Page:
Walker Aide’s Rights Not Violated by Email Search

     MILWAUKEE (CN) – A onetime aide to Gov. Scott Walker did not have her rights violated by investigators who inspected her email correspondence as part of the ongoing investigation.
     Kelly Rindfleisch, who served as Walker’s deputy chief of staff during his term as Milwaukee County executive, was properly convicted on one count of misconduct in public office, a divided Wisconsin Court of Appeals’ First District ruled.
     The panel majority held a state circuit court properly denied Rindfleisch’s motion to suppress evidence obtained through search warrants issued to Yahoo and Google in October 2010 seeking her email correspondence from 2009 onward.
     “Rindfleisch has failed to present any evidence at any time during these proceedings that tends to suggest that her Fourth Amendment rights were violated by the seizure authorized in these warrants,” wrote Judge Joan F. Kessler for the majority.
     The warrants were part of the larger John Doe probe, an ongoing investigation into Scott Walker’s initial run for governor and whether county employees used taxpayer resources in his campaign.
     According to the opinion, Rindfleisch was hired as a policy advisor to the county executive before being promoted, at which point she received a private laptop and wireless connection from her supervisor, Tim Russell.
     “Rindfleisch also had two personal email accounts,” the opinion states. “Information found in the emails subject to the warrants showed that both of Rindfleisch’s personal email accounts were used for political purposes during County work hours.”
     Rindfleisch was first implicated for possible misconduct during a search of Russell’s computer, according to the opinion. During that search investigators found emails sent to the private addresses discussing “political matters,” Kessler wrote.
     The investigators then issued search warrants to Yahoo and Google for the emails.
     “These electronic communications, along with other information in the complaint, indicate that Rindfleisch intentionally engaged in partisan political campaign activities during her Milwaukee County work time,” the opinion states.
     Rindfleisch’s attorney unsuccessfully argued for suppression, saying that allowing investigators to “sift through [her] personal, private communications” violated her Fourth Amendment rights.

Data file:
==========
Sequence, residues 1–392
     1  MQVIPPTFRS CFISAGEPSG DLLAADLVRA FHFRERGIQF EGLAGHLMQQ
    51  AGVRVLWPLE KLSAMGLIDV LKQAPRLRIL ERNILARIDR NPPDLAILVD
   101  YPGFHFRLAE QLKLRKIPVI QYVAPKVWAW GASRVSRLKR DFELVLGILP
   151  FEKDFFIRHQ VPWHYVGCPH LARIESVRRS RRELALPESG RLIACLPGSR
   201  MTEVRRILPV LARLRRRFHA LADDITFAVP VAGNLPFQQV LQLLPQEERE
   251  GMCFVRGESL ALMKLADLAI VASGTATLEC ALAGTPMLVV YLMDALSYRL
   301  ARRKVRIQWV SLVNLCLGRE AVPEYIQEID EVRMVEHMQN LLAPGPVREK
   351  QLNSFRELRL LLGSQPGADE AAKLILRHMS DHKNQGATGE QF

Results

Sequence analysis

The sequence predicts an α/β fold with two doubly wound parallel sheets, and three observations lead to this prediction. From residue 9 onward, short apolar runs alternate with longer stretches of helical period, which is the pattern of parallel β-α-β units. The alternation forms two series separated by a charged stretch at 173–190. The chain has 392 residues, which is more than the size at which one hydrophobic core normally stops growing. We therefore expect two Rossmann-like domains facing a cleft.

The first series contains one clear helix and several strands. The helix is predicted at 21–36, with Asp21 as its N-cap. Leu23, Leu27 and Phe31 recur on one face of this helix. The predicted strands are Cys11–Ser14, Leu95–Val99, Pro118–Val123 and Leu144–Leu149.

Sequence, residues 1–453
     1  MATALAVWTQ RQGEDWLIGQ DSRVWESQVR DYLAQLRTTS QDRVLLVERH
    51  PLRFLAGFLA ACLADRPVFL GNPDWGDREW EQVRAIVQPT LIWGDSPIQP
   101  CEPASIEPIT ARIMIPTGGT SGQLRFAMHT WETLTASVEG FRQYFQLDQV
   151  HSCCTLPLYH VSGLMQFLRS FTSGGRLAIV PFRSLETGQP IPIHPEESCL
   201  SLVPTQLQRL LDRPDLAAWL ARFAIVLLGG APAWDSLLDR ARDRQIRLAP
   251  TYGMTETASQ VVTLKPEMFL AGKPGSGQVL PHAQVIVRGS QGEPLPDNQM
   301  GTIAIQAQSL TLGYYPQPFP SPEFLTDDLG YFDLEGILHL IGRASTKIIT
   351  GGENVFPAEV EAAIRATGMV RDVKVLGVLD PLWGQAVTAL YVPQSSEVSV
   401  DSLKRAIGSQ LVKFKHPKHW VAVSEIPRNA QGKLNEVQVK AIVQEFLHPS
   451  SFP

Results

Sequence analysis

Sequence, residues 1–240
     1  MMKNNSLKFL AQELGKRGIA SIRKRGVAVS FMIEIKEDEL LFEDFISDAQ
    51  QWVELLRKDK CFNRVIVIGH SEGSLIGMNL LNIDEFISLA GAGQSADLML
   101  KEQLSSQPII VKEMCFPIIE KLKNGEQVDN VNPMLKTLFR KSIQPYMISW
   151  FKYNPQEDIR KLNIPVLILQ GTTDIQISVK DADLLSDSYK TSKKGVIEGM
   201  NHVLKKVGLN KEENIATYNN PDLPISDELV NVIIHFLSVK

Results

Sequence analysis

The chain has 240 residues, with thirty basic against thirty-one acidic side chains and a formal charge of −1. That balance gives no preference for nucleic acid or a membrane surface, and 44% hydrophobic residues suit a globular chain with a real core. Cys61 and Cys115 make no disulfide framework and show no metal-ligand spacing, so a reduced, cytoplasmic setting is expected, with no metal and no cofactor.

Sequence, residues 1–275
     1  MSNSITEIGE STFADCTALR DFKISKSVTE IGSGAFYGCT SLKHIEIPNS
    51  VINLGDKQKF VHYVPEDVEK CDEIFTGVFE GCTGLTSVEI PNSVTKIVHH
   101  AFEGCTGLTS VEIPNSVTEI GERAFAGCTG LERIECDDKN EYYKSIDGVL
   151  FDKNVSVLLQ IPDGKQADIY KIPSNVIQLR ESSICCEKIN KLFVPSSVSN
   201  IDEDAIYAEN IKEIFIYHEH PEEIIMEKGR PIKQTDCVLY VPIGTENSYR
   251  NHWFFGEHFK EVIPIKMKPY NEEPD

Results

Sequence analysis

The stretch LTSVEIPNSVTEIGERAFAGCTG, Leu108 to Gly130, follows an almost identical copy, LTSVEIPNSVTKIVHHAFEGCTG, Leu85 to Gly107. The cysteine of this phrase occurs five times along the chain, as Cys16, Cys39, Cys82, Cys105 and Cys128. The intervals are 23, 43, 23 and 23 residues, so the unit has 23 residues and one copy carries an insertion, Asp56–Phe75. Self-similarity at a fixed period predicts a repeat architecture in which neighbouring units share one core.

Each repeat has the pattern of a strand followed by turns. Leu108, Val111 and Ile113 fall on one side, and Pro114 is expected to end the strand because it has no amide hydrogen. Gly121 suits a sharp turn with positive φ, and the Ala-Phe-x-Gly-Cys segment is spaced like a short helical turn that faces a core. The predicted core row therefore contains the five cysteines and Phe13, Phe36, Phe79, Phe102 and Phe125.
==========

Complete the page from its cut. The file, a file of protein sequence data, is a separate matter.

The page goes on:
Rindfleisch pleaded guilty to one count of misconduct in public office, after which the state dismissed three other counts that had been lodged against her.
     On appeal, Rindfleisch argued the requests to the internet service providers were “general warrants,” rendering them unconstitutional.
     But the warrants pass a constitutional specificity test, Kessler wrote, and nothing was seized in “flagrant disregard” of their limitations.
     Further, the ISPs complied with the warrants in full and redacted email data that did not pertain to the charges listed.
     “Rindfleisch has not produced a shred of evidence to dispute those representations, has rejected the opportunity before this court to identify specific documents that she claimed were beyond the scope of the warrant, and has relied instead on rhetorical salvos attacking the entire scope of the warrants,” Kessler wrote.
     
     
     In his dissent, Judge Ralph Adam Fine argued the warrants did not meet the standard of specificity required to make them constitutional.
     “Rindfleisch’s lawyer told us at oral argument that of the approximately 16,000 documents received from the Rindfleisch email accounts pursuant to the search warrants ‘there were probably’ fewer ‘than 500 pieces of paper that had Kelly Rindfleisch’s political involvement in them,'” Fine wrote. “The State thus hardly ‘inadvertently’ stumbled on the ream of pages that led to Rindfleisch’s charges.”
     Further, Fine states, the reason for the search was not concern that Rindfleisch herself had committed a crime.
     “The Fourth Amendment prohibits the government to legitimately go into a person’s voluminous files looking for evidence that someone else may have violated the law (here, Russell, the search warrants’ object), and then root around those voluminous files to see if the subpoenas’ subject (here Rindfleisch) may have also violated the law,” the dissent states.
     Rindfleisch’s attorney, Franklyn Gimbel, said he agrees with Fine’s dissent “100 percent,” and thinks the majority justices overlooked the constitutional issue of general warrants as they apply to electronic communication.
     Gimbel said he plans to apply for review by the Wisconsin Supreme Court, and he’s optimistic it will take the case.
     “I think it would be hard for them not to take it, just because of the split decision,” Gimbel said, adding, “I’m very hopeful that the Supreme Court will not try to duck this case because it’s got such significant political overtones, because the constitutional issue is really one that’s a bright letter one.”